As I said before, all the letters will generally sound the same throughout the Czech language. A few exceptions:

When ě follows an m, a mňe (‘mnye’) sound is produced.

Double vowels: ‘au´, ‘eu´, and ‘ou´ are pronounced fluidly; all other double vowels are pronounced with a very brief pause in-between them.


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This is the toughest – paired consonants: occasionally, one consonant is written when another is pronounced. Sometimes b changes to a ‘p´ sound; g to k; v to f; d to t; z to s; h to ch; ď to ť, ž to š. It happens when one of the letters from the first group (b, g, v, d, z, h, ď, or ž) ends a word (led is pronounced ‘let´) or starts a cluster of consonants that ends in one from the second (p, k, f, t, s, ch, ť, š) group (vstup is pronounced ‘fstup´). It also happens vice-versa when the last consonant of a cluster is from the first group (kdo is pronounced ‘gdo´). Only exception: if the cluster ends in v, there is no change.

Sorry to complicate things, but the pairs usually sound similar enough that people will still understand you if you don´t switch them.

Basic Vocabulary

Once you´ve got the pronunciation down, it´s time to move on to vocabulary. Here are some basic words and phrases that you´ll likely need to get around town:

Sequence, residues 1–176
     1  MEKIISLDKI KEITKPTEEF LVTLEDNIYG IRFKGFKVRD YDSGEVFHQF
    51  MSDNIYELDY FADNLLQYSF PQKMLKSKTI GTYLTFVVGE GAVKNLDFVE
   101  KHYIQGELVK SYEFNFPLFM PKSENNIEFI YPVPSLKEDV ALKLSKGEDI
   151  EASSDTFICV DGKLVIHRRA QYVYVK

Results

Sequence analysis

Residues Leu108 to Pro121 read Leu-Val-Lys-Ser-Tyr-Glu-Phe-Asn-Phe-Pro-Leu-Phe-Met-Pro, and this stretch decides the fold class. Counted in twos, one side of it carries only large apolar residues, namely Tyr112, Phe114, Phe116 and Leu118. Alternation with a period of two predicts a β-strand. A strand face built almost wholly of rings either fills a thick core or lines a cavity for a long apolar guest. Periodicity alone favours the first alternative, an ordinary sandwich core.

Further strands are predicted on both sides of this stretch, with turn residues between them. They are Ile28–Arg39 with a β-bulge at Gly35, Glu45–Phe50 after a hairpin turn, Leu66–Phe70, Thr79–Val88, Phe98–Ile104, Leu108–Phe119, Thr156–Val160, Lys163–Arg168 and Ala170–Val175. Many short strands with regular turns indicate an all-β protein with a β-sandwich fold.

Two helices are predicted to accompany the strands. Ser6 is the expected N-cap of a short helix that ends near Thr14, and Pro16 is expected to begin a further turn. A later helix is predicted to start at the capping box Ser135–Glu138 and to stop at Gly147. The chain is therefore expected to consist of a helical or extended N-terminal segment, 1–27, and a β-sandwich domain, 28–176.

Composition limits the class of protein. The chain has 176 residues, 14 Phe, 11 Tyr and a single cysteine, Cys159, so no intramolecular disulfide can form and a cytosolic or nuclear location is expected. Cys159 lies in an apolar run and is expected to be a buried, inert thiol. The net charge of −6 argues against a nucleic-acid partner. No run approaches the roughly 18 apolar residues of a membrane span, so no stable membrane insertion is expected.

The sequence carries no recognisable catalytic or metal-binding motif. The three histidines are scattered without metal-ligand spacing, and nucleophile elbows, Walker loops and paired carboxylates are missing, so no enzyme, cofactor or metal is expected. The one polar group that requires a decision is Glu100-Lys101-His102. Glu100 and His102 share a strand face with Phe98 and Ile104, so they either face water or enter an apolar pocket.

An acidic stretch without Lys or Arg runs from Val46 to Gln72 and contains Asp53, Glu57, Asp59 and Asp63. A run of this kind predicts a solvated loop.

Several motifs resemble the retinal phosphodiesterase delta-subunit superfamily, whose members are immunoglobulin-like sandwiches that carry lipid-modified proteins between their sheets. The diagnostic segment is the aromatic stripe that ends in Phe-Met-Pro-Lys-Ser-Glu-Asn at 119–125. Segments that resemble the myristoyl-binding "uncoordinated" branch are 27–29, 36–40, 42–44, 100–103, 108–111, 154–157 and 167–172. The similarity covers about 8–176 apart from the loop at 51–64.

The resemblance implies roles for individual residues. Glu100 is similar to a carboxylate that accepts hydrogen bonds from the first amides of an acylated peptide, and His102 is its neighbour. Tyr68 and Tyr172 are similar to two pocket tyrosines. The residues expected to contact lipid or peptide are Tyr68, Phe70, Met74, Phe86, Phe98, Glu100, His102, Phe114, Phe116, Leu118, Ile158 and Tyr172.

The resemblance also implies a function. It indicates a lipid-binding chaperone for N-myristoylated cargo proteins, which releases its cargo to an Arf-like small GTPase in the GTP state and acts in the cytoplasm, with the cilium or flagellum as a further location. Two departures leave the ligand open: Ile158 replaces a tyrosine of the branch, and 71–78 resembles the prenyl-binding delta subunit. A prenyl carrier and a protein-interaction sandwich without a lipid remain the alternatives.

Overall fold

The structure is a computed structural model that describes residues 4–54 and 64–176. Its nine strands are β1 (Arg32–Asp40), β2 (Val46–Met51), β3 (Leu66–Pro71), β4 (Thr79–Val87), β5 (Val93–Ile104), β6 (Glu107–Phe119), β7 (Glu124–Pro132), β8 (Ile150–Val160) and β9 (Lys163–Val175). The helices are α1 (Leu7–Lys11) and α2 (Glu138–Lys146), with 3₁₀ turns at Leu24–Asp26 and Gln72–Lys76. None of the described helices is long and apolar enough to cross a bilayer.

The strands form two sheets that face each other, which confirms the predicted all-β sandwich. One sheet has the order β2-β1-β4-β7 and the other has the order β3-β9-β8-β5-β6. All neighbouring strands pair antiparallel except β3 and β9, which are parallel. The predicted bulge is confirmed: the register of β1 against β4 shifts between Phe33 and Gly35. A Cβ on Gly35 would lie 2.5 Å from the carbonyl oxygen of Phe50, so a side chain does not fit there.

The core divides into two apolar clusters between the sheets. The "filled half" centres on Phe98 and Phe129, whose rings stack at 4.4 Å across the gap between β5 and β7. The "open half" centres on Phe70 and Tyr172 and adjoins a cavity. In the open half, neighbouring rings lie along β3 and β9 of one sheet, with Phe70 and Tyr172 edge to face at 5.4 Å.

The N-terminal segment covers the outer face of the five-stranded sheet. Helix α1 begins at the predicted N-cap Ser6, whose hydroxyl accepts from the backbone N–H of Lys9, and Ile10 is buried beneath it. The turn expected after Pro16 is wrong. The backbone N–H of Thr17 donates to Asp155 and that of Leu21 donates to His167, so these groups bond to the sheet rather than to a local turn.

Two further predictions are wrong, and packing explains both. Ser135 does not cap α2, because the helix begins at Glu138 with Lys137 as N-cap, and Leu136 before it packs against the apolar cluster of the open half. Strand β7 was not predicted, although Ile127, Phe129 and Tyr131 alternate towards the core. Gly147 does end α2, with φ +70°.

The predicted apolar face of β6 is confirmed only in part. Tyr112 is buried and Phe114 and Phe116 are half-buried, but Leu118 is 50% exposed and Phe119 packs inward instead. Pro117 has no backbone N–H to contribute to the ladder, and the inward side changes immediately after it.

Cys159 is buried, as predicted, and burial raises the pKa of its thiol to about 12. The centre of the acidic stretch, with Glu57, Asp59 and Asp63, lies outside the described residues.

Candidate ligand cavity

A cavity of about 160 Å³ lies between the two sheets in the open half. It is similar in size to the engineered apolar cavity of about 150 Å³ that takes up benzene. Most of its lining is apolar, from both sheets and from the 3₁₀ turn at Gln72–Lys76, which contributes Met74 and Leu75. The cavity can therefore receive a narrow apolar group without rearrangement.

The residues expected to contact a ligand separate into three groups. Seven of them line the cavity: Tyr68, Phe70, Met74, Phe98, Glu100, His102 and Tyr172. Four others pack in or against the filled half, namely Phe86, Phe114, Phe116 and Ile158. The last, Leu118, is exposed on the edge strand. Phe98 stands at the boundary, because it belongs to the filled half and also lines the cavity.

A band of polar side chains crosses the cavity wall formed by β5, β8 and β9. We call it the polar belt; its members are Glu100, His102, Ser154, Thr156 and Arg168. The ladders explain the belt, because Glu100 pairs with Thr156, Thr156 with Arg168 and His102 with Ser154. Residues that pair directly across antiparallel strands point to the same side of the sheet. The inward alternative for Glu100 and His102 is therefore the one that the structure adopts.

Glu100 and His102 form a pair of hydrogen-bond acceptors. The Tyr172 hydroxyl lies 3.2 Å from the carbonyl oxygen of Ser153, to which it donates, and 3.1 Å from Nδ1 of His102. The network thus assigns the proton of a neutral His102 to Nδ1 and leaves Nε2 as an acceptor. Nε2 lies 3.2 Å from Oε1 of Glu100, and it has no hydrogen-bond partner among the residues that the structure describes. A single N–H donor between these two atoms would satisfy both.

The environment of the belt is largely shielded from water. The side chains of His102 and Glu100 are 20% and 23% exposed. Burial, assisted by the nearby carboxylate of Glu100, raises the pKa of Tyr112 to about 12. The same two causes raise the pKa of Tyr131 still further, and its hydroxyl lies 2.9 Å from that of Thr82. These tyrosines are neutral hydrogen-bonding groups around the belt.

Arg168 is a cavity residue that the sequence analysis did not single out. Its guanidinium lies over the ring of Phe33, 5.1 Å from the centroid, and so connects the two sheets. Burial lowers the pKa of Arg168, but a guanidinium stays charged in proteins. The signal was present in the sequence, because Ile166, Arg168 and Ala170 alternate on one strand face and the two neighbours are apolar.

English Czech Phonetic
Yes Ano Ah-no
No Ne Neh
Good Morning Dobré ráno Do-breh rah-no
Good Day (formal hello) Dobrý den Do-bree Dehn
Hello (informal) Ahoj Ahoy
Good evening Dobrý večer Do-bree veh-chehr
Good-bye (formal) Na shledanou Nah skledah-noh
Good-bye (informal) Čau Chow
Good night Dobrou noc Do-brooh nots
Nice to meet you Těší mě Tye-shee Mye
How are you? (formal) Jak se máte? Yak seh mah-te
How are you? (informal) Jak se máš? Yak seh mahsh
I´m well Mám se dobře Mahm se do-breh
What is your name? Jak se jmenujete? Yak seh ymenooyete
My name is Jmenuji se Ymen-oo-ye seh
Do you speak English? Mluvíte anglicky? Mloo-veeteh ahngleetskee
I don´t speak Czech Nemluvím česky Neh-mloo-veem cheskee
I don´t understand Nerozumím Neh-rozoo-meem
Excuse me; forgive me Promiňte Promeenyuh teh
Thank you Děkuji Dyekooyee
Please; you´re welcome Prosím Proseem
How much is it? Kolik to stojí? Koleek toh stoyee
Bill, please Účet, prosím Oocheht, proseem
Bon appetite Dobrou chuť Do-brooh khutye
To your health (cheers) Na zdraví Nah zdrah-vee
Do you have? Máte? Mah-teh
Chicken Kuře koorzyuheh
Steak Biftek Beef-tehk
Fish Ryby Ree-bee
Cheese Sýr Seer
Bread Chléb Khlehb
Beer Pivo Pee-vo
Wine Víno Vee-no
Water Voda Vo-dah
Where is the? Kde je? Gdeh ye
Restroom Toaleta Toh-ah-lehta
Restaurant Restaurace Rehs-tau-rahtseh
Shop Obchod Ob-khod
Street Ulice Oo-leetseh
Police Policie Poleetsee-eh
Hospital Nemocnice Neh-mots-nitseh
Train Station Nádraží Nah-drazhyee
Airport Letiště Leh-teesh-tyeh
Help! Pomoc! Po-mots
Fire! Hoří Horzyuhee
Thief! Zloděj Zlo-dyeh
I want to speak Czech Chci mluvit česky Kh-tsee mloo-veet cheskee